One resource that has gathered a comprehensive listing of the many State Sleep Society websites is the American Academy of Dental Sleep Medicine and their webpage explains what function these local societies serve for the dental community.

About State Sleep Societies

In recent years there has been a significant expansion in the number of state and regional sleep societies.  By uniting together, sleep professionals are able to benefit from relevant educational opportunities and advance the sleep field at the local level.  This unity also provides collective strength when advocating for the sleep field through interactions with legislators and policy makers.

In many states these societies were formed to address specific regulatory and legislative issues affecting the profession of sleep technology.  As a result, dental sleep medicine has not been a major area of focus for most sleep societies.

However, state and regional sleep societies offer dentists an outstanding opportunity to network with sleep physicians and sleep technologists from local sleep disorders centers. Dentists also can help educate sleep professionals about oral appliance therapy and the role of dentistry in treating sleep-disordered breathing.

This AADSM directory is provided as a resource to help connect you with your state or regional sleep society.  The AADSM encourages members to look for opportunities to become more involved in  local sleep activities.

As you can see from reviewing the offerings, in addition to individual states, there also are several regional societies such as the Southern Sleep Society, or the Northeast Sleep Society, which also are excellent resources for information, educational conferences and networking opportunities within a specific geographic region.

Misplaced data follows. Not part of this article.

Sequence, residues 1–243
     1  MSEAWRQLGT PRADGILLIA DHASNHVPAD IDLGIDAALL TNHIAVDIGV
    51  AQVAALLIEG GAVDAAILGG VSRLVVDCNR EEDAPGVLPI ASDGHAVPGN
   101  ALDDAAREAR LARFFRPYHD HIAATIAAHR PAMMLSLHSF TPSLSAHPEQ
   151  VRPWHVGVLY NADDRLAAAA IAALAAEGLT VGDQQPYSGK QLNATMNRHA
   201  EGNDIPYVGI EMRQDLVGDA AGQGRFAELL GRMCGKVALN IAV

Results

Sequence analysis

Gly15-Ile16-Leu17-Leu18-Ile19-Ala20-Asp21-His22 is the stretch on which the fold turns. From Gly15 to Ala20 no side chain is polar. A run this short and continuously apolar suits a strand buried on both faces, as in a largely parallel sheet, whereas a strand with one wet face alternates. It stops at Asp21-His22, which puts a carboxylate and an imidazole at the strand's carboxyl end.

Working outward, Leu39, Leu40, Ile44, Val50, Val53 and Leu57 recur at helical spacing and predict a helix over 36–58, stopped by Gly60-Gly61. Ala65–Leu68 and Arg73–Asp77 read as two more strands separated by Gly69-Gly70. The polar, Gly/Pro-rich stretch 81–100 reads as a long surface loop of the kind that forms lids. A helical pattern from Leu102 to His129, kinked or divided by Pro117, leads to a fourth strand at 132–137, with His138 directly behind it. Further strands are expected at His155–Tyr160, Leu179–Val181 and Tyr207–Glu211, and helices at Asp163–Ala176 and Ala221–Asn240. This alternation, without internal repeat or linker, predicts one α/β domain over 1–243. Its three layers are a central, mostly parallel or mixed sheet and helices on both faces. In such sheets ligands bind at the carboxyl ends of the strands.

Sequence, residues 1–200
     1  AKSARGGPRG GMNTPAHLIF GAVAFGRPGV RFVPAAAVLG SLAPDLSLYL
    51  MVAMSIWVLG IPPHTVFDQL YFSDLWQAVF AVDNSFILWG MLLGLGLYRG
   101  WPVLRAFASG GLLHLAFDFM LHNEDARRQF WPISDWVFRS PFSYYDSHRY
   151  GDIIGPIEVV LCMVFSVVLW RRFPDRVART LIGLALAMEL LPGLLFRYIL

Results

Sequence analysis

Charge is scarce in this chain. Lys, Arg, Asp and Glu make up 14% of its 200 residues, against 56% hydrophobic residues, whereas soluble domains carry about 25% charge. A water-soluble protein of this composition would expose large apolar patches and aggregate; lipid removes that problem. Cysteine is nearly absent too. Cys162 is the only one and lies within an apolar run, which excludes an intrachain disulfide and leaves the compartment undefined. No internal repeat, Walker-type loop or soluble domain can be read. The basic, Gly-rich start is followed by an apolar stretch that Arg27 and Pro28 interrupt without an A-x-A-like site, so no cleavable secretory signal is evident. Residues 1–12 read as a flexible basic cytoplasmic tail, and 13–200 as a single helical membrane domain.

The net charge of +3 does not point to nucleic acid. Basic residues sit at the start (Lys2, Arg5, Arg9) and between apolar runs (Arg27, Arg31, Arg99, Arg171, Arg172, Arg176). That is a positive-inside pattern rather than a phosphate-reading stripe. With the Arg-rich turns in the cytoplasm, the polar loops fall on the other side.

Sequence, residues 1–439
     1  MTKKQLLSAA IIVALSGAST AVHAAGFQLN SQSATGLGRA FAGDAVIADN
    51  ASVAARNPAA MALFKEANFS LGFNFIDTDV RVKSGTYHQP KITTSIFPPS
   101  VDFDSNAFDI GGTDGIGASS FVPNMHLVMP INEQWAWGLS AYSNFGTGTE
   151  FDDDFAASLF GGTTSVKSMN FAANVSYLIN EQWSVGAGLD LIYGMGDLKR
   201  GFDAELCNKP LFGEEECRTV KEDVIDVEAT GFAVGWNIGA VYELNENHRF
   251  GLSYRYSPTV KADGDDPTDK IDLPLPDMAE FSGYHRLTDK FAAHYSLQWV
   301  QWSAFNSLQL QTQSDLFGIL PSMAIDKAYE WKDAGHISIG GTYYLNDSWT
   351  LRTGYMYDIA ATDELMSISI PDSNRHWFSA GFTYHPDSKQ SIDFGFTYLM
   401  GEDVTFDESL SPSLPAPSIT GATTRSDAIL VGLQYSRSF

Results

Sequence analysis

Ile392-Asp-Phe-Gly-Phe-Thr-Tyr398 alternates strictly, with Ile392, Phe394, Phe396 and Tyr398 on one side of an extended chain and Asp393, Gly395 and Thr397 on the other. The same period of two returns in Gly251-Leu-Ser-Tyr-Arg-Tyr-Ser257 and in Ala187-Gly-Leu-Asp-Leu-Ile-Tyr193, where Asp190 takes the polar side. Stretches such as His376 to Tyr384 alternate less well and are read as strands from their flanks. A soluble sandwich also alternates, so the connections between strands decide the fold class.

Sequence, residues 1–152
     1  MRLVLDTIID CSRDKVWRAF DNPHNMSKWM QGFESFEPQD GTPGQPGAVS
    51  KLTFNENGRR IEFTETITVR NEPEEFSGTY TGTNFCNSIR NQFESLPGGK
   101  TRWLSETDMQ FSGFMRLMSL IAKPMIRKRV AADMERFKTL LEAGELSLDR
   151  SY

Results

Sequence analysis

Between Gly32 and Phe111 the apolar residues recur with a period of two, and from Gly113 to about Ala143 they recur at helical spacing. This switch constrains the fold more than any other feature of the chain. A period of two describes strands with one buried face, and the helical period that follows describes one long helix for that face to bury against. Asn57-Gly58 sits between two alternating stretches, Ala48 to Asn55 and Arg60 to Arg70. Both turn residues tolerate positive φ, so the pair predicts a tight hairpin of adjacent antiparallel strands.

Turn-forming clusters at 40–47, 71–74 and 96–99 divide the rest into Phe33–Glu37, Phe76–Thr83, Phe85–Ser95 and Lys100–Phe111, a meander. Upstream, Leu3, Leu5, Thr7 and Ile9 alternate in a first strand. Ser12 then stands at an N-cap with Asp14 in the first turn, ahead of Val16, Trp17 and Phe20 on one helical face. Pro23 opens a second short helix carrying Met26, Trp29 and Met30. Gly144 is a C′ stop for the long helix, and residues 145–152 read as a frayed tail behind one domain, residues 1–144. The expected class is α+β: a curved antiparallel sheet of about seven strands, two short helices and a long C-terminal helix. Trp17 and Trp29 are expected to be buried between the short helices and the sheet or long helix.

Another comprehensive list is posted on the American Sleep Apnea Association website  and can be found here.

Why reach out to state and regional sleep societies?

If you take a few moments to review these various websites, you will see they vary with some being very basic and some providing very thorough detailed offerings.  A sleep professional would be well advised to reach out to their local society to take part in the many undertakings that are offered.  If your state does not have a sleep society, or has one that is not active, this is a great opportunity to organize the sleep professionals in your area and provide the direction needed to stimulate activity within your state. If you live in an area close to several state lines, it is always advantageous to be aware of the other society’s activities as you might be interested in what a neighboring state society is offering.

The field of sleep technology needs great volunteers on the national, local and regional levels. Volunteers reap many benefits such as sharpening organizational and networking skills. They are able to connect with new allied healthcare professionals, perhaps take part in or initiate exciting sleep research projects, learn new job skills that will last forever, and advance their career.

If you want to have fun, learn some new information, or find some wonderful PowerPoint presentations, take some time to visit these many state websites and review what some wonderful volunteers have done in each state.  If you want to contribute to these great societies, consider volunteering your time and expertise!

Sleep technologists, share your experience with local and state sleep societies with us!